• Disturbance of the child’s lung development: If the child is already mature at the time of the premature rupture of the bladder, the lungs are already functional at a premature birth. If a child then only has to remain in the uterus for a few days without amniotic fluid, this does not have any major consequences for the development of the child. However, if the baby has to go four to six weeks without amniotic fluid, in many cases the lungs can no longer develop normally. In such a case, the doctor will monitor closely in order to be able to identify and treat problems early.
  • Hand, foot and head deformities : The absence of amniotic fluid over a long period of time can also cause deformities of the hands, head and especially feet. This risk can also be controlled and minimized through careful preventive medical check-ups.

How is premature rupture of membranes treated?

The treatment for premature rupture of membranes depends on the time of pregnancy. There are two approaches to choose from: Either you wait to allow the child to mature longer. Or labor is induced or the child is delivered by caesarean section to minimize the risk of infection. Which of these two options you choose depends on the progress of the pregnancy and thus the child’s maturity:

  • After the 38th week of pregnancy , premature rupture of membranes usually does not cause any problems, because contractions usually start within a short time and the baby is born naturally. At this point, the development of the child is so complete that no negative effects are to be expected. If contractions do not start and there is a risk of infection, the birth can also be initiated with medication .
  • Between the 33rd and 37th week of pregnancy , no major medical help is required either, because the child’s lungs are almost fully mature by the 32nd week. If the contractions don’t start here either, the birth will be induced.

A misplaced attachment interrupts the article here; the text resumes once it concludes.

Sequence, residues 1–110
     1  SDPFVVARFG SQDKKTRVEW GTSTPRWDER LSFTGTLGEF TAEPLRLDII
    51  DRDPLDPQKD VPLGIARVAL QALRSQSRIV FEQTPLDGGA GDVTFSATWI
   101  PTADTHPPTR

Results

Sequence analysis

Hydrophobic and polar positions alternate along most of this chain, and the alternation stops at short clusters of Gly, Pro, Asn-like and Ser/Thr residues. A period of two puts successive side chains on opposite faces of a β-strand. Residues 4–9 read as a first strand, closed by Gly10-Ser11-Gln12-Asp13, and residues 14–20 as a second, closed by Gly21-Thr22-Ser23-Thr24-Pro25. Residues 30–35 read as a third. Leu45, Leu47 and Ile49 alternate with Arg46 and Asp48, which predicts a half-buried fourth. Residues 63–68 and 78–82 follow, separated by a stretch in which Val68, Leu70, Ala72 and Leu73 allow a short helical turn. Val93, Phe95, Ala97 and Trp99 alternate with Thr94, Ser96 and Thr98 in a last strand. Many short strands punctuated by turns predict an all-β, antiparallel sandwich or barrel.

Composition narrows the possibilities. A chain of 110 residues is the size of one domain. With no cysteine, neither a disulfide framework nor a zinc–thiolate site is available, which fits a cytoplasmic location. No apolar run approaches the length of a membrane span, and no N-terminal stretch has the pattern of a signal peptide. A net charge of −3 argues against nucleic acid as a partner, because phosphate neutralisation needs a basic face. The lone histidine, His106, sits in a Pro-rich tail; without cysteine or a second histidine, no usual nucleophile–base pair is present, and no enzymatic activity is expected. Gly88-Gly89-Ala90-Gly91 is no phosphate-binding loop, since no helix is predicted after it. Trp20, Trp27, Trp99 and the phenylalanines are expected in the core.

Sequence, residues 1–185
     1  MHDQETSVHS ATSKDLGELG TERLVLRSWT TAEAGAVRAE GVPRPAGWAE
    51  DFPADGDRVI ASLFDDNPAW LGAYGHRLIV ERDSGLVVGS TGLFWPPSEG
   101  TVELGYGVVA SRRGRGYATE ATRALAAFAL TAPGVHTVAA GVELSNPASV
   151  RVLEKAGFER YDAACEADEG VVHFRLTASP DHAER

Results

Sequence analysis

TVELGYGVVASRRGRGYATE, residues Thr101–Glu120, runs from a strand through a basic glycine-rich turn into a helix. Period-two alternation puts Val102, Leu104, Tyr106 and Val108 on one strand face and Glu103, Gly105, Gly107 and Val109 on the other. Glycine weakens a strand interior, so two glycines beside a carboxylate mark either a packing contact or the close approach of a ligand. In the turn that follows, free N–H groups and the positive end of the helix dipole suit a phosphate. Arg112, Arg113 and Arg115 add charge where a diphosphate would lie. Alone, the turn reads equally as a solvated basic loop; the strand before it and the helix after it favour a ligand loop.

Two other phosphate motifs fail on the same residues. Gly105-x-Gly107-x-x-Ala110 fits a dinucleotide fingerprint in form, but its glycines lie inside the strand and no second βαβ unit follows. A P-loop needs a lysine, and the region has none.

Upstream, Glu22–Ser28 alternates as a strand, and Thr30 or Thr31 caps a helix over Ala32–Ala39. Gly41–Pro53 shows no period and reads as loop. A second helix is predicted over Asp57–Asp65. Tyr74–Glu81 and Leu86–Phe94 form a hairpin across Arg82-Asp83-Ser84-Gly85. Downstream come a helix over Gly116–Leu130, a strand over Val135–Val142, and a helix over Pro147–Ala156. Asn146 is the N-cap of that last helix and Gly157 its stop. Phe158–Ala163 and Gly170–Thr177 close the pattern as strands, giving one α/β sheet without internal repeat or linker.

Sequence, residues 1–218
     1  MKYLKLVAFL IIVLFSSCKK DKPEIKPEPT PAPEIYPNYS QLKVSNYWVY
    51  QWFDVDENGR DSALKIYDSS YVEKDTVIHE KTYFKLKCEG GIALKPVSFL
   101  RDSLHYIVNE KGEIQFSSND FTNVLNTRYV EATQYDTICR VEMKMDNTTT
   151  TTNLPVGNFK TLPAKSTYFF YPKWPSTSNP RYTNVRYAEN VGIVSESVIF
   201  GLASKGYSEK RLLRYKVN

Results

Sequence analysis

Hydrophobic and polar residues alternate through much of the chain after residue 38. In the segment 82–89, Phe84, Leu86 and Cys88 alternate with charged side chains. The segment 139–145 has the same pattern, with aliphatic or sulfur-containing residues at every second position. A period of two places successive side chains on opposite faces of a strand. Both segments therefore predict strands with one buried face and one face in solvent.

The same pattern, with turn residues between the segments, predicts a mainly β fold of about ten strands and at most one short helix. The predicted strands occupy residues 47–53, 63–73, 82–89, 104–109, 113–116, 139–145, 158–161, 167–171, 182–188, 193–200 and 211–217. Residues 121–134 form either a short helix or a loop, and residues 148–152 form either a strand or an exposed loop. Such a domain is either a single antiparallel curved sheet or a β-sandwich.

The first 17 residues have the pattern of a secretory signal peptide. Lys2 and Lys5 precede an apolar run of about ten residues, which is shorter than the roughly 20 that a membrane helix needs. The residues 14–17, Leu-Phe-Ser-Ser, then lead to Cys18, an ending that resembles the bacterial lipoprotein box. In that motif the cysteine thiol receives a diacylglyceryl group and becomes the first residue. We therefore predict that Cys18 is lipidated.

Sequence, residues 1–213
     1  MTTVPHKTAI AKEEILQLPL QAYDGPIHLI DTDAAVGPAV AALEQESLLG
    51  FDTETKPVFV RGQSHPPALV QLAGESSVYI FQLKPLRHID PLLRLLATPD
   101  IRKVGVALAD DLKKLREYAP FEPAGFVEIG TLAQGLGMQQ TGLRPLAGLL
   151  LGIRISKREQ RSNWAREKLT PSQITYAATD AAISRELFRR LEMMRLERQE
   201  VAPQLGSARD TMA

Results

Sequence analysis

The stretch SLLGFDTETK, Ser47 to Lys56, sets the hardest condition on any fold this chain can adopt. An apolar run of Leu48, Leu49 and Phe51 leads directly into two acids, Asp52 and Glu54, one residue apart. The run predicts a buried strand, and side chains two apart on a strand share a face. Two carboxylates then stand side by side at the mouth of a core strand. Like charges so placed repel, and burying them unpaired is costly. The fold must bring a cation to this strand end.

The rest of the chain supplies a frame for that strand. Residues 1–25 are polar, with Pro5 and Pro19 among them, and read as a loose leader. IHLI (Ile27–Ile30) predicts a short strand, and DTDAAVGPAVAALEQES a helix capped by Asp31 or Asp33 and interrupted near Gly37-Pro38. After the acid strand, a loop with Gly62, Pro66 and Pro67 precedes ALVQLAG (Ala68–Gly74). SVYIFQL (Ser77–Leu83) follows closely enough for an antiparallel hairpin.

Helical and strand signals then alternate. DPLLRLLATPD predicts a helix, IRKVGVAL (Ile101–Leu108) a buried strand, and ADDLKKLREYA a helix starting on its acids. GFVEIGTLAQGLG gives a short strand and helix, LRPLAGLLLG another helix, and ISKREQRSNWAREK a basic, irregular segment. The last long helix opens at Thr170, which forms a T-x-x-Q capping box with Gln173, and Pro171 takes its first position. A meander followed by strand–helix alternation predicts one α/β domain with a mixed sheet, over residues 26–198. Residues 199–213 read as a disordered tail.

• 24th and 32nd week of pregnancy : If the membranes rupture before the child’s lungs have matured, most doctors try to wait as long as possible. The condition of the child is closely monitored with ultrasound and CTG . The pregnant woman is given a drug to support the child’s lung maturation and an anti-infectious antibiotic. The child is only delivered when there are signs of infection. At this point, the delivery is usually by caesarean section, since the cervix is ​​usually not yet ready for a natural birth.
  • Up to the 24th week of pregnancy : Unfortunately, at this early stage of development, the chances of the baby surviving are very poor. In most cases, this leads to a miscarriage .

When is the caesarean section done?

As a rule, nothing stands in the way of a natural birth, even if there is a premature rupture of membranes. However, if the child’s heartbeat drops during the birth or other signs of a health impairment of the child are observed, it may be safer to deliver the child with a caesarean section. A caesarean section may also be necessary at the first signs of infection if the cervix is ​​not yet ready for the induction of a natural birth.